[viii] The Soviet Union dubbed Margaret Thatcher the “Iron Lady” for her unrelenting politics and leadership. Reagan earned the “Gipper” nickname after portraying George Gipp in the film, Knute Rockne, All American. Gipp was an archetypal All-American football star, and Reagan used this popular image throughout his career.

Pio Abad (b. 1983, Manila, lives and works in London) began his art studies at the University of the Philippines before receiving a BA from Glasgow School of Art and an MA from the Royal Academy Schools, London. He has recently exhibited at Honolulu Biennial, Hawaii (2019); Gwangju Biennale, South Korea (2018); Art Basel Encounters, Hong Kong (2017); Para Site, Hong Kong (2017); Kadist, Paris (2017); Centre for Contemporary Arts, Glasgow (2016); 4A Centre for Contemporary Asian Art, Sydney (2016); EVA International Biennial, Limerick (2016); e-flux, New York City (2015); Asia Art Archive, Hong Kong (2015); Museum of Contemporary Art and Design Manila (2015); Gasworks, London (2014) and Jorge B. Vargas Museum, Manila (2014).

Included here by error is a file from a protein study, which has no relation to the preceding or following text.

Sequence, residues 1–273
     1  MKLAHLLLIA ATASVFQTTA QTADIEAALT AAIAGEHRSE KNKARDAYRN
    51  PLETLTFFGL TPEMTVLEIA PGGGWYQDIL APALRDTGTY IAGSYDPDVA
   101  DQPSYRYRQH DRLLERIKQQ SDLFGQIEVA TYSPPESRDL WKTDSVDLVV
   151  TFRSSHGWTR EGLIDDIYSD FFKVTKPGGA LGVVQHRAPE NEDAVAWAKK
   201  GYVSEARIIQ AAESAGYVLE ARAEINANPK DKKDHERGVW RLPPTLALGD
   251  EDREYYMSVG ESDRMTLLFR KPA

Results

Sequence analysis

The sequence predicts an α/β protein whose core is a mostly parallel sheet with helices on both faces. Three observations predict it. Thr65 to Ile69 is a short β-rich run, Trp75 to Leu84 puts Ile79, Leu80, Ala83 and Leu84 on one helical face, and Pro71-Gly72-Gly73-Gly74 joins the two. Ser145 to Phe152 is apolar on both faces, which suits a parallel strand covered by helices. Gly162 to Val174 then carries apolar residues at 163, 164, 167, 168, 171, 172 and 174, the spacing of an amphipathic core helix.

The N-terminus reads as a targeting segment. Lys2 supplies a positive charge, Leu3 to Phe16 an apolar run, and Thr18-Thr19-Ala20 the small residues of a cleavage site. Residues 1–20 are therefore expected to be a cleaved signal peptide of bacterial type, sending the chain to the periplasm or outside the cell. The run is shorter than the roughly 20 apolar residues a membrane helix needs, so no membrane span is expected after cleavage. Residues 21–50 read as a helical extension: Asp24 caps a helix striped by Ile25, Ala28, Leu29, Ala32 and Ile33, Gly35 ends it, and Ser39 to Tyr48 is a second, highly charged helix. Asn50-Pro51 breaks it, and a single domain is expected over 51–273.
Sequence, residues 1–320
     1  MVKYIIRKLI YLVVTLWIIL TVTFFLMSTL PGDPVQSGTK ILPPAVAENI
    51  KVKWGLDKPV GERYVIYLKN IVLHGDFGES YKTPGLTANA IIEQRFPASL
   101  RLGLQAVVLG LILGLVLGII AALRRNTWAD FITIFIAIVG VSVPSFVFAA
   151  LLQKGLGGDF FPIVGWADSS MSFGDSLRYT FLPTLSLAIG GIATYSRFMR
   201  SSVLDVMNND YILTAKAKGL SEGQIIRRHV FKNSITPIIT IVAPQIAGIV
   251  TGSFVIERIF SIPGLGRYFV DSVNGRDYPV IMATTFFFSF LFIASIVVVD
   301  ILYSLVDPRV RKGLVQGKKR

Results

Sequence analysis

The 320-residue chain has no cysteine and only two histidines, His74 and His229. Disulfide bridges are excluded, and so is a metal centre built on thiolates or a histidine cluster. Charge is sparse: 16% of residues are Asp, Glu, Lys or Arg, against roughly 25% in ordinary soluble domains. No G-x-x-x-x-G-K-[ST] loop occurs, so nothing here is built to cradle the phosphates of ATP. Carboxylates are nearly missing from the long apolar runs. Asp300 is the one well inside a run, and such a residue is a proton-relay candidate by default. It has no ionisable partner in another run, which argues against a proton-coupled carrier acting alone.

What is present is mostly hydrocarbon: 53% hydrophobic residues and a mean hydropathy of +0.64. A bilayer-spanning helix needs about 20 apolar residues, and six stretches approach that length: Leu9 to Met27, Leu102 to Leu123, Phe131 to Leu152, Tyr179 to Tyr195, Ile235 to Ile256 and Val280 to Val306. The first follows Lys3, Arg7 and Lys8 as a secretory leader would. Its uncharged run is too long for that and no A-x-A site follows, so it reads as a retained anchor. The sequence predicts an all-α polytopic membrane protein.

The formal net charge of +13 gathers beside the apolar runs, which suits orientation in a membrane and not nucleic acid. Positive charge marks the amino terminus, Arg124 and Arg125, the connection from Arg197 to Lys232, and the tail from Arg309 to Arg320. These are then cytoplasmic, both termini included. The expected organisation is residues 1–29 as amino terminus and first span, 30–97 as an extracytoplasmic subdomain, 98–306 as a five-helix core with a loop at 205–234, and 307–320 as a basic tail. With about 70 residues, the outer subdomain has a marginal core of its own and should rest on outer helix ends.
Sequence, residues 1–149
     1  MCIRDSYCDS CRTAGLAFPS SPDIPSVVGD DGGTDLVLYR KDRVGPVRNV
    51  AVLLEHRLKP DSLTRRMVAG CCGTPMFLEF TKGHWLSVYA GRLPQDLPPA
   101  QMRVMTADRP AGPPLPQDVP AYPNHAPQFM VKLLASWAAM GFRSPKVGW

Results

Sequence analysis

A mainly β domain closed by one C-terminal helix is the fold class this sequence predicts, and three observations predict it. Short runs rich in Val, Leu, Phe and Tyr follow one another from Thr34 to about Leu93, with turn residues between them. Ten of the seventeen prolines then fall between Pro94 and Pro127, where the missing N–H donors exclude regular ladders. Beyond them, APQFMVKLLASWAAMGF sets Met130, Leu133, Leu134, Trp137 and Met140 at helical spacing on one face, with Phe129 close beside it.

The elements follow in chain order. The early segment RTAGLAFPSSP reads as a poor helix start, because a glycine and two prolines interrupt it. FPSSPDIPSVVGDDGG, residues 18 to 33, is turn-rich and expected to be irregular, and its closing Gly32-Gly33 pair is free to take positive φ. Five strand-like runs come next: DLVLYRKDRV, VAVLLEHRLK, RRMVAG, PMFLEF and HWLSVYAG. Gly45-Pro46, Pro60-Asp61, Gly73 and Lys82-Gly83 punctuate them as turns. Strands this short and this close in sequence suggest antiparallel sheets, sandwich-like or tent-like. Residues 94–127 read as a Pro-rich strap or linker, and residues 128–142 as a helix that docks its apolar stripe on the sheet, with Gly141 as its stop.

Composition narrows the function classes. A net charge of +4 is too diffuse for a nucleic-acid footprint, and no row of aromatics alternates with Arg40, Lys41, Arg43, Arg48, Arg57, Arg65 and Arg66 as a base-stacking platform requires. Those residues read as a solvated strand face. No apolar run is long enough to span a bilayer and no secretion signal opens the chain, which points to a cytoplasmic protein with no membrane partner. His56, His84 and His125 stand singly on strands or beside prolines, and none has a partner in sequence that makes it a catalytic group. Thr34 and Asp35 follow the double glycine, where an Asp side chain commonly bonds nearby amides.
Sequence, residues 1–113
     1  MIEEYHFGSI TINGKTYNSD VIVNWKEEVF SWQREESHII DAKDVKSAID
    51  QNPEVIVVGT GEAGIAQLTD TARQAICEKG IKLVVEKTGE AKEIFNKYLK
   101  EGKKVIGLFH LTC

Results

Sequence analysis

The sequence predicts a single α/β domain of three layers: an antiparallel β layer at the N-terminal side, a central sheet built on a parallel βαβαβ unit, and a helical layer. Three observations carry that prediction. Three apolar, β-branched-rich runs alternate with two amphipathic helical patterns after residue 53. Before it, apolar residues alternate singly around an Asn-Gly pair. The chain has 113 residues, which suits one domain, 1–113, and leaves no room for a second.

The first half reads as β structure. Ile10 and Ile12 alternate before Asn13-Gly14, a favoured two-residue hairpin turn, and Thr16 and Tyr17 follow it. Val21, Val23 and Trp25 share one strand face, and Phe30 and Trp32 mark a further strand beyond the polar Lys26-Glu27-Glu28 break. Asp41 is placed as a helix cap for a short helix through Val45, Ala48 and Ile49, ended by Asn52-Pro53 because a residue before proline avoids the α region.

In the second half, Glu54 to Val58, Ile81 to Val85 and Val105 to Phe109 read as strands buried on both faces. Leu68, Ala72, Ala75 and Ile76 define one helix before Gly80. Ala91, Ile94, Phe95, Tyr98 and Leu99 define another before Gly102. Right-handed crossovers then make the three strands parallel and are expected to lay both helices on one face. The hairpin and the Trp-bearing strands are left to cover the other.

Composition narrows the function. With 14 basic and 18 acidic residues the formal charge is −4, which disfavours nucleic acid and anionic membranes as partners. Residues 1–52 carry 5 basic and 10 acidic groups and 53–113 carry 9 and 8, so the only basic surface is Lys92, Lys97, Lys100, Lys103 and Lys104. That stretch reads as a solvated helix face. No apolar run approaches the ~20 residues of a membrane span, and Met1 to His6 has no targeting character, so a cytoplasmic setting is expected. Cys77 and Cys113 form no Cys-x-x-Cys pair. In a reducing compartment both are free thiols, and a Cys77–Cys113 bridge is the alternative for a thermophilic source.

Pio Abad’s practice is concerned with the social and political signification of things. His work, in a range of media including textiles, drawing, installation and photography, uses strategies of appropriation to mine alternative or repressed historical events, unravel official accounts and draw out threads of complicity between incidents, ideologies and people. Often taking on the form of domestic accessories, Abad’s artworks glide seamlessly between these histories, enacting quasi-fictional combinations with their leftovers.